Around the world, researchers are working tirelessly to develop a safe and effective coronavirus vaccine. At the same time, governments, businesses and civil society organizations are preparing massive production and distribution efforts so that when a vaccine candidate — or candidates — is cleared for use, it can be administered around the world as soon as possible.

Whether we will eventually get a vaccine isn’t in question. What is in question is who will have access to it, and when?

Experts are warning that some countries are tilting toward “vaccine nationalism” — a focus on competing to take care of their own populations first rather than sufficiently cooperating with the global community, especially poorer countries, to ensure equitable access to a coronavirus vaccine. Canada, which has pre-purchased nearly 300 million doses from a handful of vaccine candidates, could be headed in that direction.

Distrust in the Trump administration has turned into distrust of science, adding to an already powerful anti-vaccine movement. (The Washington Post)

Writing in the Atlantic in August, Alan Bernstein, president and chief executive of the Canada-based global research organization CIFAR and a member of the Canadian Covid-19 Vaccine Task Force, lauded international cooperation in researching a vaccine. He wrote that he was “optimistic that the world will have a safe and effective vaccine by the end of this year or early 2021.”

That is very good news. But “the world” doesn’t necessarily mean everyone, he cautioned. “I worry that people everywhere won’t have equal access to it,” he added.

As many observers have pointed out, once a vaccine is developed, billions of doses will be needed to administer it to everyone in the world. It’s not unlikely that the vaccine will require more than one shot. That’s going to cost us. Of course, there’s no alternative. States must pay to protect public health and prepare the way toward an eventual return to something like normal, saving countries billions in the long run.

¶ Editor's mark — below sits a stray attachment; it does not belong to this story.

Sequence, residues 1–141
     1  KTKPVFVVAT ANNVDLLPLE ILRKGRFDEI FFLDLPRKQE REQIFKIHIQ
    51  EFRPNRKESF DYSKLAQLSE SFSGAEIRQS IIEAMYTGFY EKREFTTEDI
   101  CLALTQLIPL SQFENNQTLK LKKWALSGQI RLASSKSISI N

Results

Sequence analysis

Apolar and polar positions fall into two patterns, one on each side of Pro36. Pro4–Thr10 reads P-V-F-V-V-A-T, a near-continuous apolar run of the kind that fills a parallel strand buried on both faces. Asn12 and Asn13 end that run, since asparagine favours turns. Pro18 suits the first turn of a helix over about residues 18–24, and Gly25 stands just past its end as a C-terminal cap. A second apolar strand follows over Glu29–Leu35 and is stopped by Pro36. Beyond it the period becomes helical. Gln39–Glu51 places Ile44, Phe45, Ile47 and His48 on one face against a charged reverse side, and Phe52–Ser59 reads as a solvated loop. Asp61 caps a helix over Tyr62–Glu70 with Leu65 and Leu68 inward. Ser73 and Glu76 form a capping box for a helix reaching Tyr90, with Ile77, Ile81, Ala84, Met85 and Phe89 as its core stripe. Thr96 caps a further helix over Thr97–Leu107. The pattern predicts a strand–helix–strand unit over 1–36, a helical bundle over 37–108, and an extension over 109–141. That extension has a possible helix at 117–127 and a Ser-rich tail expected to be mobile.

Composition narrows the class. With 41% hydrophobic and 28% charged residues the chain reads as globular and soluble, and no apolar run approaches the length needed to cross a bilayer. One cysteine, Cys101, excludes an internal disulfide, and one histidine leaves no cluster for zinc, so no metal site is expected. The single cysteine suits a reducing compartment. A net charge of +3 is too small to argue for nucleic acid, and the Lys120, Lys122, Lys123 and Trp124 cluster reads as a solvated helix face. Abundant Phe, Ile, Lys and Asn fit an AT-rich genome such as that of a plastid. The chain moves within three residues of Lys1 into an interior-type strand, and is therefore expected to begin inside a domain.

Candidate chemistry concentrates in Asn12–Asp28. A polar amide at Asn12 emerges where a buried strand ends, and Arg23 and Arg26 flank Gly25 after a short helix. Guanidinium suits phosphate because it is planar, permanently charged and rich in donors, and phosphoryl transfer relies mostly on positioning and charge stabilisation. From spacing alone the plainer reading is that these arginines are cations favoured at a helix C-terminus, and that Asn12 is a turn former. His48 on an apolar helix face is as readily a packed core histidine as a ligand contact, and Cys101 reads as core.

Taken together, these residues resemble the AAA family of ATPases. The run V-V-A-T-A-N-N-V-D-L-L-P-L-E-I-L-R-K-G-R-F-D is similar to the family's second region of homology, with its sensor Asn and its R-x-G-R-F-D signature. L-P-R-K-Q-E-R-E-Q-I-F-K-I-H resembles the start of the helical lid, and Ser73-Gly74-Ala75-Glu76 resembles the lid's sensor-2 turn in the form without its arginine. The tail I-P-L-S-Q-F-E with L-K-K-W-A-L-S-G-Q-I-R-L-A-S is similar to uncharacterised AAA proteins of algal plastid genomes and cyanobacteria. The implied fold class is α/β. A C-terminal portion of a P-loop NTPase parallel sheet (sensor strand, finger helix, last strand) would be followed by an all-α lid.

Researchers Ronald Labonte, Katrina Plamondon, Mira Johri and Srinivas Murthy, writing in the Conversation last month, echoed Bernstein’s concern. They argued that Canada is part of “the premier league of the vaccine nationalists,” a small group of countries that have bought “more than half the world’s expected short-term supply of vaccines.”

Of course, the ultimate question of whether Canada is a vaccine nationalist — or to what extent — is not whether the country purchases doses or how many, but rather how many it supplies to its own citizens, compared with those around the world who might not otherwise have timely access to a vaccine — or any access at all.

Labonte and his co-writers argued that Canada should pledge at least as much internationally through the global COVAX effort — a vaccine research and distribution alliance — as it does domestically. They’re right. The dictates of justice and equity demand that the governments of the world work together to reduce harm, save lives and end the pandemic. So does raw self-interest.

In a recent recording for my podcast “Open to Debate,” Bernstein acknowledged the humanitarian necessity of wealthy nations making doses available for poorer ones. He also pointed out that, like it or not, we are all in this together until the end. “This pandemic will not be over until everyone is vaccinated,” he said. “If the virus is anywhere, it’s everywhere.”

On balance, the nature of the pandemic implies a clear, rational and just way forward — for wealthy countries to contribute what it takes to get the entire world vaccinated as soon as possible. “I don’t view it as an either/or decision, this tension between looking after one’s own country and contributing to a multilateral initiative,” Bernstein said. “Rich countries can do both, and rich countries should do both.”

So far, Canada has committed 440 million Canadian dollars to COVAX, though half of that sum is for domestic doses. Last week, China joined the effort. The United States and Russia remain holdouts.

As part of the international push, and despite — or perhaps because of — the lack of U.S. leadership, Canada should contribute more to the global effort to procure vaccine doses for poorer countries. Not only is it in the country’s own interest to stamp out the virus worldwide, but Canada has also long been the beneficiary of colonialism and exploitation abroad, from the founding of the state itself to ongoing exploitative extractive, productive and trade practices.

Canada’s perspective should not be “one for you, one for me,” but be scaled to ensure that the country is fully part of a concerted global effort to distribute the vaccine to every nation, regardless of whether it is rich or poor, in a timely manner. This effort must therefore include not only vaccine doses, but also the means by which to distribute and administer them wherever they are needed, for as long as they are needed.

The pandemic is a global affair. Now is not the time to imagine borders as barriers to a swift and full resolution of the pandemic once a vaccine or vaccines become available. This moment is a test of Canada’s commitment to a better, more equitable world.

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